Quote:
kohlrak wrote:
I've yet to see where little endian is better, capability-wise. Bignums are easier in big endian. Actually a lot of variable-sized numbers are easy in big endian.
Explain.


i was just making the same ridiculous (and wrong) statement you were making. How ridiculous did i sound? Now think, all i did was reverse yours. Try and guess how ridiculous yours sounded! I'll give you a clue, "!lanoitroporp ylsrevni"

Quote:
kohlrak wrote:
You see, the problem with your statement is that with big endian, al is the rightmost register, which would be the lowest register. You see, you extend things on the left instead of the right with big endian.
??? Question


Of course you don't understand, because you don't understand little endian either! Exclamation

Quote:
if 'al' is the lowest register AND the rightmost register then it's little endian, not big endian.


Your other right! AL is the lowest register, which to be little endian, it must be on the left, which happens to be this way! ← Or don't you know your left from your right?

← is left and → is right! By the way, it's the directions that is the most edgy in which they point to. Also, if you stick your hands up, and you want to know which hand is the left hand, it's the one where the front (the part that's convex not concave [if those words aren't too big for you]) faces you and makes an L with your finger and your them. You can remember this because L is for left.

Quote:
kohlrak wrote:
Depends on what efficient is.
Result Desired / Power Consumption (or otherwise).


And how do we make this into a number again?

Quote:
kohlrak wrote:
This debate and the others makes me wonder whether you use windows 7 or an older version. It seems to me that you would most likely use the newest windows, since it's obviously better than the previous versions. I mean common, you want to upgrade to have the latest and greatest, instead of cultural (we know the older versions better, they're faster, more stable, etc) drawbacks.
yeah I'm pretty sure big endian is faster and more stable and has a proven track record of scientific analysis... just like the decimal system, binary is such a bloated piece of shit.


Correct! Big endian has been around for more than 2000 years! It's been around for longer than computers, actually.

Quote:
Don't be ridiculous, why would I use 7? It's inefficient, bloated, restrictive, bloated, uses too much RAM, bloated, too flashy, bloated, DRM-enforcing-piece-of-shit, BLOATED (did I mention that?).


You criticize something new!? Can i believe my eyes!? Surprised

Quote:
kohlrak wrote:
And what does that have to do with anything? It doesn't avoid the point that no matter which way it grows, it'll hit something.
With Big Endian you would have to reserve pages backwards and start with the highest page in memory. Like the stack.


Is that a problem? Does it allow you to have more memory to do it the other way?

Quote:
The problem is that, what the hell is the benefit with that? It can't be cultural norms, surely you don't read backwards, right?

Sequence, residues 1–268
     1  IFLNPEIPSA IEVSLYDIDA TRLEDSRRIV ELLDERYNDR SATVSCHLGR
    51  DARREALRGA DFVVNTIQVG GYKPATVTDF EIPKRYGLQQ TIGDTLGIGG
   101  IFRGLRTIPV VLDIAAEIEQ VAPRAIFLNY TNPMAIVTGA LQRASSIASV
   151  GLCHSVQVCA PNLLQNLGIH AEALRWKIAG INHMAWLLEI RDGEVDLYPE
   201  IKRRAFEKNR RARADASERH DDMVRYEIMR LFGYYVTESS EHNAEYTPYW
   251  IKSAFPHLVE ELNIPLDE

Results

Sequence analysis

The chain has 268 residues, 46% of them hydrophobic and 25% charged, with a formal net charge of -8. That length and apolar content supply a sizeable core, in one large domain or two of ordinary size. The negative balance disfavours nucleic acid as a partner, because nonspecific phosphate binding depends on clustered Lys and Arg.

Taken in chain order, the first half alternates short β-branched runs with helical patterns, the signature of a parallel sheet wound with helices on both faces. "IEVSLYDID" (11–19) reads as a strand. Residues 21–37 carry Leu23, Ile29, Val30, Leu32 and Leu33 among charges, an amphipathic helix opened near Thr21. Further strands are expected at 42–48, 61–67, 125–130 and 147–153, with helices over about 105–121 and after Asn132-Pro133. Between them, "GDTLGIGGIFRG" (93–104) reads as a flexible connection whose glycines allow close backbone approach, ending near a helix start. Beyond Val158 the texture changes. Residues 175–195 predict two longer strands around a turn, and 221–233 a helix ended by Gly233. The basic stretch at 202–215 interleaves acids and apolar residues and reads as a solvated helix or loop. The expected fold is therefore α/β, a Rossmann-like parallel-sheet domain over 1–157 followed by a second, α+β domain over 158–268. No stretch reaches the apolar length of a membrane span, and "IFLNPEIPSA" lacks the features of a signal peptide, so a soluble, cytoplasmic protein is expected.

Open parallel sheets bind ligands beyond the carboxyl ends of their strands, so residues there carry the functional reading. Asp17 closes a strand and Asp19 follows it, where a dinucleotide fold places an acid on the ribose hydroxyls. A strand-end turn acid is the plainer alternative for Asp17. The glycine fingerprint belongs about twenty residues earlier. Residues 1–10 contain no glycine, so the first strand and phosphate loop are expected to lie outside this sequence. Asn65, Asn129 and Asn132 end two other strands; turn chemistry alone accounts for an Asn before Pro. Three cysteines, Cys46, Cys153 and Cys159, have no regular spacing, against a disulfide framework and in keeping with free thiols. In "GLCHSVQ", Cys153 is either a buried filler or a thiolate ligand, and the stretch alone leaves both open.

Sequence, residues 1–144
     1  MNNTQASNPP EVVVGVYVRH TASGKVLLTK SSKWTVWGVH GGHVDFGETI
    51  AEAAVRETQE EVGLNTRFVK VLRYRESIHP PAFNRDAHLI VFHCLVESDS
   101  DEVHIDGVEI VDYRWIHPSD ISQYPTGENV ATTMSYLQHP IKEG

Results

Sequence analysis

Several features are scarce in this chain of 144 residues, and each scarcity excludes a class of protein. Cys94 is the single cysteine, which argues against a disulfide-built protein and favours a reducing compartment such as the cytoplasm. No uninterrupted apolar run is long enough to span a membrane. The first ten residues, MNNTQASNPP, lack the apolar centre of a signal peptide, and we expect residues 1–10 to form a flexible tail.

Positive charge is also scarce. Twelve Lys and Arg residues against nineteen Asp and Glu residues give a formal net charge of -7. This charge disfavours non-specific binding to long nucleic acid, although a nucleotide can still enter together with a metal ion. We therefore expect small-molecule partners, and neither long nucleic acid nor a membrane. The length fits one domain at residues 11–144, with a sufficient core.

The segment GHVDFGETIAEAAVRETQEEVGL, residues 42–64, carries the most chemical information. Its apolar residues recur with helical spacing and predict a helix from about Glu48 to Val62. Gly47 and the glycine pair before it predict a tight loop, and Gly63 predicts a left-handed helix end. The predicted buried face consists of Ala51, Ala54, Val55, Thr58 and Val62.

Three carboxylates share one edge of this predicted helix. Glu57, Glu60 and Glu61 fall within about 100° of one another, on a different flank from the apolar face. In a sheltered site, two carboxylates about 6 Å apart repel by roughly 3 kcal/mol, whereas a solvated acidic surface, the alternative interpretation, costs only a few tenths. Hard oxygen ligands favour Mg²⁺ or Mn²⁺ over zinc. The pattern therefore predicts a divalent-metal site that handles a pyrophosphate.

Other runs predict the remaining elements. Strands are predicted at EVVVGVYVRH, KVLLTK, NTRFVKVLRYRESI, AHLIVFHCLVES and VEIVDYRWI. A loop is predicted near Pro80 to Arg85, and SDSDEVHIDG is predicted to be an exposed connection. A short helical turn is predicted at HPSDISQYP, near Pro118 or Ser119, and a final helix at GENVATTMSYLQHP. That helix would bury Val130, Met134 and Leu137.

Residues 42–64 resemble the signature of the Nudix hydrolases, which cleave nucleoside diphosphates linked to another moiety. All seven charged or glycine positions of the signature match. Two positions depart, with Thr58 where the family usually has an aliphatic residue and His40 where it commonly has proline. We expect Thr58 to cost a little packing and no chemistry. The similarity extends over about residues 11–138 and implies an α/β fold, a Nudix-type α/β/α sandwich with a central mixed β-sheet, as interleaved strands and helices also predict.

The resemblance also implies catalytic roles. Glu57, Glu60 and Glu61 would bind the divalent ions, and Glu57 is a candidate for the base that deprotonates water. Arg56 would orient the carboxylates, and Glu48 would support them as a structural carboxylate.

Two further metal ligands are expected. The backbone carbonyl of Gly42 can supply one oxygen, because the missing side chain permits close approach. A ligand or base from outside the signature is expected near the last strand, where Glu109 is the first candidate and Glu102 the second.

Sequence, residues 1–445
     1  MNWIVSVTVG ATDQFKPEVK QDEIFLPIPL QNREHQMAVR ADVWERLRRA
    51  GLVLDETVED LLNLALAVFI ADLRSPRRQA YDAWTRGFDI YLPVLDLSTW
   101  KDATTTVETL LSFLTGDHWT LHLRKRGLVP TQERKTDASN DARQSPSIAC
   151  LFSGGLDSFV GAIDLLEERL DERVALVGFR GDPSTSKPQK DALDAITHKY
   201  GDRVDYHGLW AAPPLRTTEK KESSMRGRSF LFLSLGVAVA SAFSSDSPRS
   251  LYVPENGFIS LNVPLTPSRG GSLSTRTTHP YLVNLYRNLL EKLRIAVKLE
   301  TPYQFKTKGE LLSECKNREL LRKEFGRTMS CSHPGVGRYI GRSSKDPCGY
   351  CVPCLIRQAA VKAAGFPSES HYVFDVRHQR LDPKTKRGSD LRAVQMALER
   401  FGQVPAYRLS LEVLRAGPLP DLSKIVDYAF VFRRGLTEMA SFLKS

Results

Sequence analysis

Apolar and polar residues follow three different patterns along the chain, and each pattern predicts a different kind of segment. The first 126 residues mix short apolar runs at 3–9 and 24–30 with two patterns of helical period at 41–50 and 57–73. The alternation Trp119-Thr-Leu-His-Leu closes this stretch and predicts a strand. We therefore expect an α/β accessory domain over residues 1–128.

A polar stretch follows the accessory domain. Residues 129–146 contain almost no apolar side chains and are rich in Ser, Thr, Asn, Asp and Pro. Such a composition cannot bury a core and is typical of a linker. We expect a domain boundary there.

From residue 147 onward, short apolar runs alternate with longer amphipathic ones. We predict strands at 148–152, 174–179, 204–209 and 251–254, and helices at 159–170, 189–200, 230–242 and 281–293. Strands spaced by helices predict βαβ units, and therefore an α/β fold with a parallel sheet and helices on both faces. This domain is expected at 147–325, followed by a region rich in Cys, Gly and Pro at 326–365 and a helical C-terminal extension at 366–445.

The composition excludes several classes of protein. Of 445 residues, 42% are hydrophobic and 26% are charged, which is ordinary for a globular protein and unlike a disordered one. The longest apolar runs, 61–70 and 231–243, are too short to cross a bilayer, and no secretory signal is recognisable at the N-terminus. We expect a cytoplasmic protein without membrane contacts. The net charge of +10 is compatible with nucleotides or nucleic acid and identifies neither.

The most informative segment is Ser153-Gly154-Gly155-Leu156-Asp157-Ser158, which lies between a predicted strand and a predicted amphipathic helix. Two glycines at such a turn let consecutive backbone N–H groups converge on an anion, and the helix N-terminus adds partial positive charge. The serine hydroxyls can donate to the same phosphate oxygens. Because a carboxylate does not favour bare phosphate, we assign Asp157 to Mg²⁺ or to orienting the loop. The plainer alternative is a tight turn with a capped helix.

Something is inevitably backwords. Big endian is a standard older than you were alive. Then again, so was little endian. Razz

Ok, outside of the personal attack, there is no specific benefit, but this wouldn't be reading backwords either. Memory management is only as old as computers are, so technically that standard is younger than your parents.

Quote:
think of memory as bytes, not as strings, and little-endian makes much more sense than big-endian.


What?

Quote:
It is you who is making this look complicated, because you start from the highest byte, but lowest memory. Don't you see why big endian is a failure -- why start with highest byte in register but lowest memory address?


Good, let's go from high to low! (Name of a good card game for your level of intelligence by the way. It teaches you when to quit as well.)

Quote:
logically it makes no sense whatsoever, it's backwards.


So is little endian.
Post 25 Dec 2009, 04:29
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DustWolf



Joined: 26 Jan 2006
Posts: 373
Location: Ljubljana, Slovenia
DustWolf
Hrm... I wouldn't go so far as to claim to be right, because little-endian confuses me, however I'm pretty sure my example is right, Borsuc.

I know the shuffling of Intel's litle-endian is easy to conceal if you only operate with the same register size at a time (say, only parse bytewise and only copy dwordwise). But if you ever made a dword-based memcopy that checks for null termination in real-time, you should know exactly how little-endian is shuffled around.

I once helped port an OpenGL application to PowerPC and I know that the moment we got it ported, everything suddenly started making perfect sense in the datafile hex-editor view. When values were written as dwords and read as bytes they would be shuffled around in Intel little-endian, but straight in PowerPC big-endian. That's how I can be sure big-endian makes more sense than little-endian.

LP,
Jure
Post 25 Dec 2009, 05:14
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kohlrak



Joined: 21 Jul 2006
Posts: 1421
Location: Uncle Sam's Pad
kohlrak
DustWolf wrote:
Hrm... I wouldn't go so far as to claim to be right, because little-endian confuses me, however I'm pretty sure my example is right, Borsuc.

I know the shuffling of Intel's litle-endian is easy to conceal if you only operate with the same register size at a time (say, only parse bytewise and only copy dwordwise). But if you ever made a dword-based memcopy that checks for null termination in real-time, you should know exactly how little-endian is shuffled around.